Usually, the OPAMP used in zero-crossing detection works as a comparator comparing the pulsating DC signal (obtained by rectifying the AC signal), with a reference DC voltage (obtained by filtering the pulsating DC signal). The reference signal is given to the noninverting terminal whereas the pulsating voltage is given to the inverting terminal.

In case of the pulsating DC voltage being lesser than the reference signal, a logic high signal is developed at the output of the comparator. Thus for every zero-crossing point of the AC signal, pulses are generated from the output of the Zero Crossing Detector.

A Video on Zero Crossing Detectors


Integral Switching Cycle Control (ISCC):

To remove the disadvantages of integral cycle switching and phase control switching integral switching cycle control is used for the control of the heating load. ISCC circuit is having 3 sections. The first one consists of a power supply to drive all internal amplifiers and feed the gate energy to the power semiconductor devices. The second section consists of zero voltage detection by sensing the instance of zero supply voltage and provides a phase delay. In the third section, an amplifier stage is needed which magnifies the control signal to provide the drive needed to turn on the power switch. ISCC circuits consist of Firing circuit & Power Amplifier (FCPA) and power supply for controlling the load.

FCPA consists of gate drivers for thyristor and TRIAC is used as power devices in the proposed design. Triac can conduct current in either direction when it is turned on and it is formerly called a bidirectional triode thyristor or bilateral triode thyristor. Triac is a convenient switch for AC circuits which allows the control of large power flows with milliamp scale control currents.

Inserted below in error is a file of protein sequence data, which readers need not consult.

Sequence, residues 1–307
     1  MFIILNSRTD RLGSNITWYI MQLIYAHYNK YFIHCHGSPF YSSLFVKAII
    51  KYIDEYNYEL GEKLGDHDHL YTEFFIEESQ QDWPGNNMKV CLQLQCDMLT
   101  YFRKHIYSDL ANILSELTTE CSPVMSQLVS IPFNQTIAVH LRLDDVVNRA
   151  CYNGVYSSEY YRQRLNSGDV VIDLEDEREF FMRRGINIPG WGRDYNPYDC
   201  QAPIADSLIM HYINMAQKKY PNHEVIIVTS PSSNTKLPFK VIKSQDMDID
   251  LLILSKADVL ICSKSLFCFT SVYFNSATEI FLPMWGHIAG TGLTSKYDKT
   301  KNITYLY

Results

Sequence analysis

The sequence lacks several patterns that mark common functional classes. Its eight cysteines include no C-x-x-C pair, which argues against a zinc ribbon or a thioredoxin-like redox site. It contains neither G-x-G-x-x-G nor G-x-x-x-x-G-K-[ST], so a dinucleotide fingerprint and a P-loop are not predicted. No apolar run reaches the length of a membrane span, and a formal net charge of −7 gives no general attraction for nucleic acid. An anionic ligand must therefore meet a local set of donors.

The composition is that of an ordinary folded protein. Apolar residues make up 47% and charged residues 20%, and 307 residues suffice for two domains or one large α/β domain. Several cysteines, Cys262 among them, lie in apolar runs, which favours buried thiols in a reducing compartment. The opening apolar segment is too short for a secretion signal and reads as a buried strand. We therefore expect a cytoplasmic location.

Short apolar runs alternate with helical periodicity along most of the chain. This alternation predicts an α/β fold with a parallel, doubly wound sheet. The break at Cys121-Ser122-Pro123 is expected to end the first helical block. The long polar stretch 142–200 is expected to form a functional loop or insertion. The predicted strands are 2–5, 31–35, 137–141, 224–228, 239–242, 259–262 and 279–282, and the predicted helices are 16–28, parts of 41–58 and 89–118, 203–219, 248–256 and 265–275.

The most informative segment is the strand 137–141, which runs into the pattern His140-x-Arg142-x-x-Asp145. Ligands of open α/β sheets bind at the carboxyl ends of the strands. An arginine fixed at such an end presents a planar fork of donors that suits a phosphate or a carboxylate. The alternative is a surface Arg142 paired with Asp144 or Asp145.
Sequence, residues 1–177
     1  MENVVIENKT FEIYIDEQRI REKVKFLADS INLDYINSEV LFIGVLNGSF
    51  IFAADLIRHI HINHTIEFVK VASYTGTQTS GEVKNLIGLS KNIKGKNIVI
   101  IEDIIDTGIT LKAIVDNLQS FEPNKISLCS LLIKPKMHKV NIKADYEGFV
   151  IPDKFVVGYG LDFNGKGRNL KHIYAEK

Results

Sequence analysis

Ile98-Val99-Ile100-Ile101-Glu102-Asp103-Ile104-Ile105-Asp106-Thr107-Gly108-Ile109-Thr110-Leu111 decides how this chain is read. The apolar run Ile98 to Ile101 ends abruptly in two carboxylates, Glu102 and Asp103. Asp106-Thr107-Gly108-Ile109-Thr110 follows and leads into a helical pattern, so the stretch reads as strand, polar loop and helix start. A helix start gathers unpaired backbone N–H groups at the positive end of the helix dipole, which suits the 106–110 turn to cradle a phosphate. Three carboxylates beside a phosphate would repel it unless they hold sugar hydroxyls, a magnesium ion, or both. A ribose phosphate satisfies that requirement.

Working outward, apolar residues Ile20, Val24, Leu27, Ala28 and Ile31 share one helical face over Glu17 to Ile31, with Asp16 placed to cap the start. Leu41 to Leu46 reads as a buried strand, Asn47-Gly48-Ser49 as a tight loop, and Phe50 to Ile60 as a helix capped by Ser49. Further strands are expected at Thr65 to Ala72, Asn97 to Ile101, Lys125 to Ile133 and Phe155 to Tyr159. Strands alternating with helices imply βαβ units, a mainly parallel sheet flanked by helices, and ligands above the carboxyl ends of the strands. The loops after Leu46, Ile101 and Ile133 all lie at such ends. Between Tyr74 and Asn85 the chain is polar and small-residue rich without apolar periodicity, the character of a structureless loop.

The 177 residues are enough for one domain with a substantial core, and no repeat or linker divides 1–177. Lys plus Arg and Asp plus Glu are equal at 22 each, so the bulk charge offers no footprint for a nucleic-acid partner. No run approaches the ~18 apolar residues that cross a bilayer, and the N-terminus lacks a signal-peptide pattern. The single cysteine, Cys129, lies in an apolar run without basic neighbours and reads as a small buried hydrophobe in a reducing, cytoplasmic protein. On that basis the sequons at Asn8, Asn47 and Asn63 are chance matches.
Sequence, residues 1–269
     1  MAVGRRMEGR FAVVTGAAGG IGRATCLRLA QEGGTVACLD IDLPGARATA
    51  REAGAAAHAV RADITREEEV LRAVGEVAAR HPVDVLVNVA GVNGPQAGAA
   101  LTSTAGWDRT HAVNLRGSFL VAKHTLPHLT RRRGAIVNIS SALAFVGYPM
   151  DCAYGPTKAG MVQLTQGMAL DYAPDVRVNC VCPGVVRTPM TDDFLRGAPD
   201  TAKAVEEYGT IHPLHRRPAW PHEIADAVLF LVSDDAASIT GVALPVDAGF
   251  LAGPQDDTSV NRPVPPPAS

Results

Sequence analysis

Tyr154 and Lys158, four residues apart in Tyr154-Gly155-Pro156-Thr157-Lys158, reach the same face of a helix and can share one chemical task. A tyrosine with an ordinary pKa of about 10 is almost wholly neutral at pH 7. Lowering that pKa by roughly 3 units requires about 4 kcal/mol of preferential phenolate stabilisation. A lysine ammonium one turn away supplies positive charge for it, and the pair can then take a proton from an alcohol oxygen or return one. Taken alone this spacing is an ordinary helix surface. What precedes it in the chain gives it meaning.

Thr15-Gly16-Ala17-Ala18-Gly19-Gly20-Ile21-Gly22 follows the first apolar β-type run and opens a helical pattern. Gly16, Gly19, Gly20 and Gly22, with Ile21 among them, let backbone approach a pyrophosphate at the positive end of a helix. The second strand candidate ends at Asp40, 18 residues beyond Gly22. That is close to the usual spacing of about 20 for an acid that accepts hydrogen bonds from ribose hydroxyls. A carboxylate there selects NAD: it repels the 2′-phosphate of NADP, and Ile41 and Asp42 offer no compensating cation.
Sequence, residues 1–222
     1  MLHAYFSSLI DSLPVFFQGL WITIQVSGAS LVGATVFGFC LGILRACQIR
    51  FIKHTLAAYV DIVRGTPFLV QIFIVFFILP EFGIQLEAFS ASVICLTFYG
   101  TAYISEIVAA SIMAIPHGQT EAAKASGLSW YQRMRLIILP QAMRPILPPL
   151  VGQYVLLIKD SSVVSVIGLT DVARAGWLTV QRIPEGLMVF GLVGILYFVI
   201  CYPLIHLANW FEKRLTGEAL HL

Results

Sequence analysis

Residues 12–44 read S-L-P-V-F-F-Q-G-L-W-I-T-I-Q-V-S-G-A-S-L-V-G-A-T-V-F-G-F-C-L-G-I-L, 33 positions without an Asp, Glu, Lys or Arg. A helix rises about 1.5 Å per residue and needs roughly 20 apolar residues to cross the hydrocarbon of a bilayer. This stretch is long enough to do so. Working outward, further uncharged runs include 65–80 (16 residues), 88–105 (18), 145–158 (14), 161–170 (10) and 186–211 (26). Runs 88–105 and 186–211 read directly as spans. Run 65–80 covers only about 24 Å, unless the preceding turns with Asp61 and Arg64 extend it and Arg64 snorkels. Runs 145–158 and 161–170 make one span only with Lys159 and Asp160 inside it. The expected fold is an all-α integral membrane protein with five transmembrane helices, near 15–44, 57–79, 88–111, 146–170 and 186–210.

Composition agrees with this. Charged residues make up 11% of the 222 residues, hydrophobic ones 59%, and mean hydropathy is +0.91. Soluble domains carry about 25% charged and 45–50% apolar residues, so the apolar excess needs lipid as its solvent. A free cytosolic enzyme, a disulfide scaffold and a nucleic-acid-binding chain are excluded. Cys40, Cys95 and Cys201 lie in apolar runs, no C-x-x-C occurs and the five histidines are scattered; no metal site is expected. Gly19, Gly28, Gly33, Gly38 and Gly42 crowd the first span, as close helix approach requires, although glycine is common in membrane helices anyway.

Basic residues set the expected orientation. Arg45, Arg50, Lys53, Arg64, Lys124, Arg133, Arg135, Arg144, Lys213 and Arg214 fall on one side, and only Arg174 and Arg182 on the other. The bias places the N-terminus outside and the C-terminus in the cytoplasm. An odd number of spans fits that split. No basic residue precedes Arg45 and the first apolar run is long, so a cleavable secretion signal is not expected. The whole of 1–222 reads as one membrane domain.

An Application of Integral Cycle Switching – Industrial Power Control by Integral Switching

This method can be used for controlling AC power, especially across linear loads such as heaters used in an electric furnace. In this, the microcontroller delivers the output based on interrupt received as the reference for a generation of triggering pulses.

Using these triggering pulses we can drive the optoisolators for triggering the Triac to achieve integral cycle control as per switches which are interfaced with the microcontroller. In place of motor an electric lamp is provided for the observation of its functioning.

Block Diagram of Power Control by Integral Cycle Switching
Block Diagram of Power Control by Integral Cycle Switching

Here a zero-crossing detector is used to provide triggering pulses to the gate pulses of the Thyristor. The application of these pulses is controlled through a Microcontroller and an optoisolator. The Microcontroller is programmed to apply the pulses to the optoisolator for a fixed amount of time and then stop the application of pulses for another fixed amount of time. This results in the complete elimination of a few cycles of AC signal waveform applied to the load. The optoisolator accordingly drives the thyristor-based on the input from the microcontroller. Thus the AC power given to the lamp is controlled.

An Application of Phase Controlled Switching – Programmable AC Power Control

Block Diagram of Power Control by Phase Control Method
Block Diagram of Power Control by Phase Control Method

This method is used to control the intensity of the lamp by controlling the AC power to the lamp. This is done by delaying the application of triggering pulses to the TRIAC or using the firing angle delay method. The zero-crossing detector supplies pulses at every zero crossings of the AC waveform which is applied to the Microcontroller. Initially, the Microcontroller gives these pulses to the optoisolator which accordingly triggers the thyristor without any delay and thus the lamp glows with full intensity. Now using the keypad interfaced with the Microcontroller, the required intensity in percentage is applied to the Microcontroller and it is programmed to accordingly delay the application of pulses to the optoisolator. Thus the triggering of the thyristor is delayed and accordingly the intensity of the lamp is controlled.